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Pitching dry yeast with no hydration at a commercial scale

Discussion in 'General Brewing Techniques' started by Nizmoose, 7/11/18.

 

  1. Nizmoose

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    Posted 7/11/18
    Just thought I'd throw this post up as it might let some people rest easier after throwing a sachet into their fv and hoping they shouldn't have rehydrated instead. After reading so much over the years on the fierce battle between the old rehydration vs no rehydration camps and after reading what I considered an extremely dubious call by Jamil Zainasheff that pitching dry yeast straight into wort would lead to up to 50% loss on viability I decided to see what a few yeast packets of lager yeast 2 years past their best before date would do in 30hL of wort pitched straight through the manway of the fv.

    There was no concern from anyone at work that it would be an issue and it was a small one off batch either way so we went ahead with it. 24 hours post pitching we had passed the lag phase and the beer was fermenting and I ran a viability check and got 96%. Just thought I'd throw another data point into the ring for everyone to consider.

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  2. goatchop41

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    Posted 7/11/18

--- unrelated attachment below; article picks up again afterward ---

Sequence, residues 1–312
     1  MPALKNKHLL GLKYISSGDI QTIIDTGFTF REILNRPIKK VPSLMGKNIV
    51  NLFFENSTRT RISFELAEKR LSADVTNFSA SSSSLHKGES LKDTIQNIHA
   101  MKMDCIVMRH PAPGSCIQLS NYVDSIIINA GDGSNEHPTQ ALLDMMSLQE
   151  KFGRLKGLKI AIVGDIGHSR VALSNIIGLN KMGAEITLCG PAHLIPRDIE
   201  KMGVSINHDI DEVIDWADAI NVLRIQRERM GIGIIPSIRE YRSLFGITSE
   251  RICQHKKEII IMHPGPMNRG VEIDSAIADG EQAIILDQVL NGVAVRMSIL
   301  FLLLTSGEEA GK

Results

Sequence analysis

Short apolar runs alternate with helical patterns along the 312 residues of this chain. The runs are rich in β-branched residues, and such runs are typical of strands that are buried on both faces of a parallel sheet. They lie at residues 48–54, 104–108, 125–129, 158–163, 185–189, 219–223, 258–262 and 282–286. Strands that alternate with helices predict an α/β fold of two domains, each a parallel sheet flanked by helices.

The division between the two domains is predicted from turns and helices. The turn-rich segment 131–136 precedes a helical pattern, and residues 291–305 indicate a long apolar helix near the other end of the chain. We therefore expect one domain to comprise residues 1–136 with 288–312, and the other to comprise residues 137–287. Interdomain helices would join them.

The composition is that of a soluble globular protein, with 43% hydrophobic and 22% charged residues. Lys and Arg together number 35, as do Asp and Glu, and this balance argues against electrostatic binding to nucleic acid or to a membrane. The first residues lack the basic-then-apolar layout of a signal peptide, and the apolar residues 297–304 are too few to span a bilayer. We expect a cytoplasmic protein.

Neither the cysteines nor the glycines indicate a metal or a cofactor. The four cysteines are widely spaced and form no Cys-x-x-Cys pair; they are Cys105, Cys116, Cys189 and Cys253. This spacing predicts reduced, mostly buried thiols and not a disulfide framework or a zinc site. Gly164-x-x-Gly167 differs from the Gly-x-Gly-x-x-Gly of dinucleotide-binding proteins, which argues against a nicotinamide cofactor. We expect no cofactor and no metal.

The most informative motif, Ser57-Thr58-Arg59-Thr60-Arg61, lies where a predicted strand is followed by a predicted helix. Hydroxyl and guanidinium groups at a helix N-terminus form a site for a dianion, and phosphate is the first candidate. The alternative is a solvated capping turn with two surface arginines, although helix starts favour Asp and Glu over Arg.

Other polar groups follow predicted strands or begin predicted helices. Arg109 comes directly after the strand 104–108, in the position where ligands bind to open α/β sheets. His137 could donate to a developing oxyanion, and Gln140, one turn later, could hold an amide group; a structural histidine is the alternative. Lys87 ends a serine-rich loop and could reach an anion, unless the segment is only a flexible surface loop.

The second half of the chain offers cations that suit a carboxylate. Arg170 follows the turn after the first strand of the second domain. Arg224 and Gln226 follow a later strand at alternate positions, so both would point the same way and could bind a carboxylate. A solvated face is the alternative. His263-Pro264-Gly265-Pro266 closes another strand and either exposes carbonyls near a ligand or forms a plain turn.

Fermentis themselves now encourage dry pitching - as per their E2U recommendations. It would seem that they have either made refinements to their product that makes it more hardy...or perhaps they always were that way, but they've only just recently become confident enough to fully endorse dry pitching
     
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  3. Nizmoose

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    Posted 7/11/18
    I'm also interested in the importance of the best before date, these packets granted were stored cold their entire life but I was genuinely amazed at the viability that far past the BB
     
  4. FarsideOfCrazy

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    Posted 7/11/18
    I always dry pitch my dry yeast. I always would have thought the company who makes the stuff would know the practice for use.

    How many packets in the 30hl of wort exactly did you pitch? I take it that pitching rates change the more you're pitching otherwise it would be around 120 packets! (ie. 1 packet per 30l)

    Keep us posted how it turns out.
     
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  5. peteru

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    Posted 7/11/18
    I assume that these would have been 500g Saflager packs.
     
  6. Nizmoose

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    Posted 7/11/18
    Yeah sorry should have clarified these were 500g packs and I pitched three. The fermentation was terminal in around 100 hours and the lag phase lasted 12 hours. Important to keep in mind this was a lager fermentation
     
    Last edited: 8/11/18
  7. Droopy Brew